Anticoagulation in Cerebral Ischemia Associated With Intracranial Artery Dissections Is Safe, but Is It Enough to Recommend It?
See related article, pages 1837–1842.
In most textbooks, intracranial artery dissections are considered rare, difficult to diagnose, and associated with a high risk of subarachnoid hemorrhage (SAH).1 Three different clinical presentations are described: (1) cerebral ischemia, when the mural hematoma remains subintimal, ie, located between the media and the elastica interna, leading to vessel stenosis or occlusion; (2) SAH when the mural hematoma is subadventitial, ie, located between the media and the adventitia, or transmural, leading to vessel rupture; and (3) acute and isolated headache.2 Cerebral ischemia and headache are not specific, because they are also present in most patients with cervical artery dissections. Bleeding is a specificity of intracranial artery dissections. It is explained by structural differences between cervical and intracranial arteries: the latter has no external elastic membrane, and thin muscular and adventitial layers.
There is no clear evidence-based data that anticoagulation, or even antiplatelet therapy, may be beneficial in patients with cervical artery dissection, even if there is a strong rationale for their use, and some indication of a good safety profile. In pure intracranial artery dissections, or in intracranial extensions of cervical artery dissections, the risk of anticoagulation or antiplatelet therapy may be high because of this bleeding risk.
In this issue of Stroke, Metso et al3 describe the largest series of patients with intracranial artery dissections reported up to now. They identified 2 types of intracranial artery dissections: (1) those associated with ischemia, where there is no SAH, no aneurism, a good outcome, and a good safety profile of anticoagulation; and (2) those revealed by SAH, associated with an aneurism, and a worse outcome. The good safety profile of anticoagulation in cerebral ischemia associated with intracranial artery dissections is an important finding in this study that may have major clinical implications.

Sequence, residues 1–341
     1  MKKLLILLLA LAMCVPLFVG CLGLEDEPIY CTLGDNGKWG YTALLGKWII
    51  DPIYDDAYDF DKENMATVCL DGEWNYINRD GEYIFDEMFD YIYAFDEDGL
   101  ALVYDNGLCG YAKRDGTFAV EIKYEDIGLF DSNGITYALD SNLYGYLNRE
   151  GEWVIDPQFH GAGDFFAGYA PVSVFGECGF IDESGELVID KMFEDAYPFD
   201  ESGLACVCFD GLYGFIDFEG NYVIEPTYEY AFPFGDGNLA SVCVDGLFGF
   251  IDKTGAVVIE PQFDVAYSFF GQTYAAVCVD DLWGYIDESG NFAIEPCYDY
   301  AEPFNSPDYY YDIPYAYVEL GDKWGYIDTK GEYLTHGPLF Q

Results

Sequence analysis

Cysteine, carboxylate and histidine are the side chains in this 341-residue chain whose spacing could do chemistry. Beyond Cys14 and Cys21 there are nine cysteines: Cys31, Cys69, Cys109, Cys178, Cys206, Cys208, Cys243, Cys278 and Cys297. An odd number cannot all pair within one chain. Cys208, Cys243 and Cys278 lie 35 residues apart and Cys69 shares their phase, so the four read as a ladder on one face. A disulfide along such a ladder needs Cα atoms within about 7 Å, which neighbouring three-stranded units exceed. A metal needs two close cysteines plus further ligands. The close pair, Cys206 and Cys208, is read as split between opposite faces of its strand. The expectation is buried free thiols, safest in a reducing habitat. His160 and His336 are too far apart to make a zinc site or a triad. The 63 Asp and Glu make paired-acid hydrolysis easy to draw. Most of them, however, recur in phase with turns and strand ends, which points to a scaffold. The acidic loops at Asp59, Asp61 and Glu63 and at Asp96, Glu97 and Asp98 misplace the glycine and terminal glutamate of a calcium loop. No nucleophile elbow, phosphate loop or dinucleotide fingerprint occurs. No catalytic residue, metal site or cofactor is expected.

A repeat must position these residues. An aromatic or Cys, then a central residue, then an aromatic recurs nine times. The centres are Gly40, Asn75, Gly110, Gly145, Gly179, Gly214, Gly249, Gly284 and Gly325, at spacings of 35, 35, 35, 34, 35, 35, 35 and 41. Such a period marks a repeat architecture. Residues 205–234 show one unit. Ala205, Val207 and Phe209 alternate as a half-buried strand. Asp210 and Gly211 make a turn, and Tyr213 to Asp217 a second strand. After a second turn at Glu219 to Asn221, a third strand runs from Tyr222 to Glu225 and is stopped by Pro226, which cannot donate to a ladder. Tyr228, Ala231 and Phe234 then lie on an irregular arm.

However, these results should be taken into account cautiously for several reasons. Firstly, although this study gathered this important number of patients, the sample size is still small from a statistical point of view. The absence of bleeding complication in 81 patients shows that the risk is low, but does not prove it does not exist at all. Secondly, even if, as it is likely to be the case, anticoagulation is safe at the acute stage of cerebral ischemia in intracranial artery dissections patients, there is no proof—in the absence of randomized trials—that it provides a benefit over antiplatelet therapy or even no treatment at all. Thirdly, the natural history of intracranial artery dissections with cerebral ischemia remains unknown in terms of recurrence risk. This is an important issue because anticoagulation is supposed to prevent early recurrences, not to reduce the severity of stroke.
This study provides important results on the safety profile of anticoagulation in patients with intracranial artery dissections, but this is not enough to recommend anticoagulation. Assuming that early recurrence rate is very low, no case having been reported in 81 patients, if we hypothesize that anticoagulation reduces by ≈25% early recurrences, >10 000 patients would have to be randomized in an early prevention trial, which is unrealistic for such a rare disease. Therefore, in the absence of randomized trials the decision will be left to the clinical judgment of the neurologist. This study provides 2 important clinical messages: (1) anticoagulation is safe in the absence of bleeding, and (2) recurrences being rare anticoagulation may have a limited indication.
Another major interest of this study is to report a large series of intracranial artery dissections associated with cerebral ischemia. As stated by the authors, most of the literature on intracranial artery dissections has been published by neurosurgical teams, explaining a probable overrepresentation of cases with SAH and aneurysms. This series, although retrospective, is a good representation of intracranial artery dissections in the general population because the authors included all consecutive patients admitted in the only neurological and neurosurgical emergency unit of Helsinki and surroundings.
We are not sure that clinicians will change their practice after this study. Those who believe anticoagulation is useful will continue and argue that it is safe, and those who are more reluctant to use anticoagulation will probably not change their strategy, arguing that the action of anticoagulation is to prevent early recurrences, which are rare, if they exist. As often with good studies, we have more questions at the end than before. Larger multicenter registries, with different strategies left to the opinion of the clinicians, may help to better define the natural history of the disease. The study reported by Metso et al is obviously the first significant piece of the puzzle.
The opinions in this editorial are not necessarily those of the editors or of the American Heart Association.
Caplan LR, Baquis GD, Pessin MS, D’alton J, Adelman LS, Dewitt LD, Ho K, Izukawa D, Kwan ES. Dissection of the intracranial vertebral artery. Neurology. 1988; 38: 868–877.
Szatmary Z, Boukobza M, Vahedi K, Stapf C, Houdart E, Bousser MG. Orgasmic headache and middle cerebral artery dissection. J Neurol Neurosurg Psychiatry. 2006; 77: 693–694.
Metso TM, Metso AJ, Helenius J, Haapaniemi E, Salonen O, Porras M, Hernesniemi J, Kaste M, Tatlisumak T. Prognosis and safety of anticoagulation in intracranial artery dissections in adults. Stroke. 2007; 38: 1837–1842.